This need for outside approval returns to the image vs. content theme. Image necessarily comes from other people. It’s how they see us. It’s impossible for another person to be inside your head, no matter how well they know you. You are the only person who can truly know your content. That fact is why people who seek outside means of esteem are obsessed with image. It doesn’t matter what their content is (their self esteem), it matters what their image is (how other people see them). At this point we can understand how the two sides of the main character in this narrative represent image (Dr. Horrible) and content (Billy). Billy creates Dr. Horrible because he dislikes himself so much he can’t even create a “real audible connection” with Penny.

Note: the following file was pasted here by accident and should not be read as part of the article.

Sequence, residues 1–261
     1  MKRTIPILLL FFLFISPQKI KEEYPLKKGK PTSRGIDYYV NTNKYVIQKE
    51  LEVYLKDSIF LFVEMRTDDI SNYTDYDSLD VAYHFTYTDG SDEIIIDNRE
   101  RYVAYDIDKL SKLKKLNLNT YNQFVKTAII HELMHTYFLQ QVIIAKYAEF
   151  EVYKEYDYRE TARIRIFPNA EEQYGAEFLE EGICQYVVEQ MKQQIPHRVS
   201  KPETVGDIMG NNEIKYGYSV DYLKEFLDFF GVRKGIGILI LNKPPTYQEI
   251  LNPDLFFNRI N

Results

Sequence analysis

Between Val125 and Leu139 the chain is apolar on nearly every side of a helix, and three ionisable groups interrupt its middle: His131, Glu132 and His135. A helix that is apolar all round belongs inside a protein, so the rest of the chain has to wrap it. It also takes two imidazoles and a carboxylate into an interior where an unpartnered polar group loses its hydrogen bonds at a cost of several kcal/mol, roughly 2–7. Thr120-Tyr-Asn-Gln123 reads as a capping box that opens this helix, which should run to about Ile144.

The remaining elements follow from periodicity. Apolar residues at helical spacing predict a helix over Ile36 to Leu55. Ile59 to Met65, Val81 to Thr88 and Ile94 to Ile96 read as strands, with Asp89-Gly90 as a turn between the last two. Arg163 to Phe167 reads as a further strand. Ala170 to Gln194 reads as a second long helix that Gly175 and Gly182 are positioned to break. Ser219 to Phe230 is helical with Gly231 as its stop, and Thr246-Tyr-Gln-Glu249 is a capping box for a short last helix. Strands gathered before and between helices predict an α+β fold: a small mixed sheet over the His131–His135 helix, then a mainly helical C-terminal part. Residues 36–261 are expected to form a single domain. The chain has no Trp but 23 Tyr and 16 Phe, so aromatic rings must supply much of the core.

The song ends, and we get our first (well, second) glimpse of the hero (hero, not protagonist) of this e-novella, Penny. Dressed very respectably, she is attempting to get signatures to open a new Caring Hands Homeless Shelter in a building the city is going to demolish. She’s happy, energetic, and enthusiastic. In fact, throughout all three acts, she is this way (except, understandably, near the end of the third). Consider how we first met her in “My Freeze Ray.” Even when Billy ridiculously proclaims that he loves the air, she smiles sweetly. She’s always enjoying herself and volunteering to help the homeless. I don’t agree with the altruism is good ethic, but this piece of fiction seems to adopt it (as we’ll see in Act Three with Captain Hammer’s big moment).